“This sounds strange, but I’m not quite one or the other, like I’m sitting there on all those CollegeBoard things like “What is your race?” and I’m like, “White, black, multiracial, other, I don’t know!”
Where are you from? What’s your heritage?
My family are sort of mixed, let’s say ¾ of my family are from Sudan, but my grandmother is English. My parents immigrated to The States together, so I was born in Virginia, lived there until I was nine, then I moved to Sudan, then I came back two years ago, then I spent time in New Mexico, and now I’m here.
What was your experience growing up? Did you face any difficulties with identity or racism from others?
Not necessarily. This is probably also due to the fact that I went to Sudan and racism plays itself out very differently in different countries, in that, it wasn’t necessarily the more white-black divide that we have in the States, but there was definitely sort of ethnocentricity that you could see going on in Sudan, with light skin being considered better, or being considered worse, it really depended. It was really interesting to see that in terms of colorism.
This is going to sound strange, but, I think what happened in terms of identity was, coming back to the states, people expected someone from Sudan to look “black." And even though my grandfather looks like Bill Cosby, and then my close family members, and even my brother, would be considered, “black,” because of my mom and my grandmother being English, I look fairly “white." So that makes for a really weird little divide, where I’m not quite one or the other, like I’m sitting there on all those CollegeBoard things like “What is your race?” and I’m like, “White, black, multiracial, other, I don’t know!”
So, that’s interesting. Especially the idea that if you’re African, you must necessarily look very, very black, which is just not true, especially in Sudan, which is a country that really, really surprises people because it has humongous color range. You can be as light as I am, or you can be midnight dark, and still be considered Sudanese, so that’s always been really interesting for me to negotiate.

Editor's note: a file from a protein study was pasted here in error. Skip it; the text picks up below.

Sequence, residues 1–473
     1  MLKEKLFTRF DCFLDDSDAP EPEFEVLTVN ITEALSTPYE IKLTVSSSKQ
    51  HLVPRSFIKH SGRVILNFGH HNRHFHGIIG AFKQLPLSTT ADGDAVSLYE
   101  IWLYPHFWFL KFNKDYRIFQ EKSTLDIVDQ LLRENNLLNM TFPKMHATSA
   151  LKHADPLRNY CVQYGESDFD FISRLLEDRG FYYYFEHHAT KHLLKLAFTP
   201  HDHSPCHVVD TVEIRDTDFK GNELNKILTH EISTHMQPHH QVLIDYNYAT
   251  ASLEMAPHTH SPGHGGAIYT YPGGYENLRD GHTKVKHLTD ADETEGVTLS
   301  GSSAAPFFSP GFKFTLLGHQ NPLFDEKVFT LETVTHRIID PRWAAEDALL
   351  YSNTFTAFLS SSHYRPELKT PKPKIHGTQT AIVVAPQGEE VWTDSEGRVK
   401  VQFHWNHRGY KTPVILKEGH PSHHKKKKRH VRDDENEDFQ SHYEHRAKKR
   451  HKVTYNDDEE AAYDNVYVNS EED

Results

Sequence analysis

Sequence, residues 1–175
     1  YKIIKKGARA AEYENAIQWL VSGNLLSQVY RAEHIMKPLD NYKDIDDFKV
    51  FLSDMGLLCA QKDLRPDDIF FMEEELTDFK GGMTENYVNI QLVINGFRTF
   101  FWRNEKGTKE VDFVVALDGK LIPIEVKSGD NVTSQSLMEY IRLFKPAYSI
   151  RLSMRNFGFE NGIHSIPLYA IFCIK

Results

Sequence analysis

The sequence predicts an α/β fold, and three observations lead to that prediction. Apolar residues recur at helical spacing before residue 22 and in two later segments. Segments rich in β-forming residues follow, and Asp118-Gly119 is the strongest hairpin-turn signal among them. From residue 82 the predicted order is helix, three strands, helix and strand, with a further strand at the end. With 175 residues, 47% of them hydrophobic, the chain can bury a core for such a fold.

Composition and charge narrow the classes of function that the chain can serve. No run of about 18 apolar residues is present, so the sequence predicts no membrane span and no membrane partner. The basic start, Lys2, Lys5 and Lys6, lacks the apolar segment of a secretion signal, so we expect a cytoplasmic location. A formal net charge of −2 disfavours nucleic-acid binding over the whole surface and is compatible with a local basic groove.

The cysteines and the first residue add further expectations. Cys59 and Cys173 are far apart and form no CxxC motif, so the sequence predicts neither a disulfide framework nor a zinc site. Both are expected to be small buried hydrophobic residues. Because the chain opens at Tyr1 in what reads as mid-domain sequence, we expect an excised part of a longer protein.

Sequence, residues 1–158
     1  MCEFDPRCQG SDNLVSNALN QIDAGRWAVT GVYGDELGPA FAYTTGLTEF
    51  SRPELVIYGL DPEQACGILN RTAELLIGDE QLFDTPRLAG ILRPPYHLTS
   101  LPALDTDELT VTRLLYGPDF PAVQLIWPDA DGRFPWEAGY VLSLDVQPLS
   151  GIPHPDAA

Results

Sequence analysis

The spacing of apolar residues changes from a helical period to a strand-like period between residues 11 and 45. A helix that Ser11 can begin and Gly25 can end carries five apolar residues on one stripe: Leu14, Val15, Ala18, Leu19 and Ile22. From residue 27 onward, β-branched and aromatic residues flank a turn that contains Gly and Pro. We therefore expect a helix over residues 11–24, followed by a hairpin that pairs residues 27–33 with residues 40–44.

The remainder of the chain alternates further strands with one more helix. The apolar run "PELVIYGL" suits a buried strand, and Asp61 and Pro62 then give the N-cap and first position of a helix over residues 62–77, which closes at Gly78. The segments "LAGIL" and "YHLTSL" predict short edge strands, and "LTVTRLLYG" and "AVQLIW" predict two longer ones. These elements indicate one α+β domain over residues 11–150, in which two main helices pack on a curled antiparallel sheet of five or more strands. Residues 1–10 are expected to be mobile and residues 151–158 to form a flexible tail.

Since coming to Duke, have you experienced ignorance from those who perceive Africa or Sudan to be a monolith, where you’re supposed to look a certain way?
Oh yeah, definitely. It’s a really weird thing for me to even try to discuss with people, because when you’re talking about Sudan, you encounter this very far, "Fox News" idea that it’s entirely this humongous war zone in the middle of nowhere that we need to save, you know, Bush-era administration style, and to try and bridge that gap of being like, no, this is a humongous country with loads of history and tradition and fantastic people, and I lived there for seven whole years, it’s often very very hard to try and explain and come across.
Could you talk about your experience wearing a hijab?
The fact that I’m Muslim is very interesting when it comes to race because, looking at me and seeing that I’m lighter, people think that I’m Arab, and that, "Oh, she’s Muslim, oh she looks kind of white, she must be Arab." I think there’s very few people who think Africa and think Islam, and so, there’s definitely that little thing where people get weirded out and they’re like, oh I don’t see how those two identities can be combined, so that’s interesting.
Have you faced any negative stereotypes due to the fact that you wear a hijab?
Honestly, I’m an oblivious person, so if I have, then I probably haven’t realized. I don’t think that I’ve experienced anything directly negative; I might realize that people just don’t know how to behave around me, because they’re not sure how religious I am or what I believe, or all of that, and that’s the main thing that I’ve seen.
At Duke I haven’t exactly had much direct prejudice as of yet, or so far, but definitely outside of Duke I’ve encountered people having fairly bad stereotypes of what it means. Like, there’s this idea that someone who wears hijab must be some violent, oppressed person. I’ve had some nasty experiences with people asking really intrusive questions. My mother has been yelled at and been told to go back home, and that sort of thing. So, yeah, I’ve seen bad things outside of Duke, but not necessarily in Duke.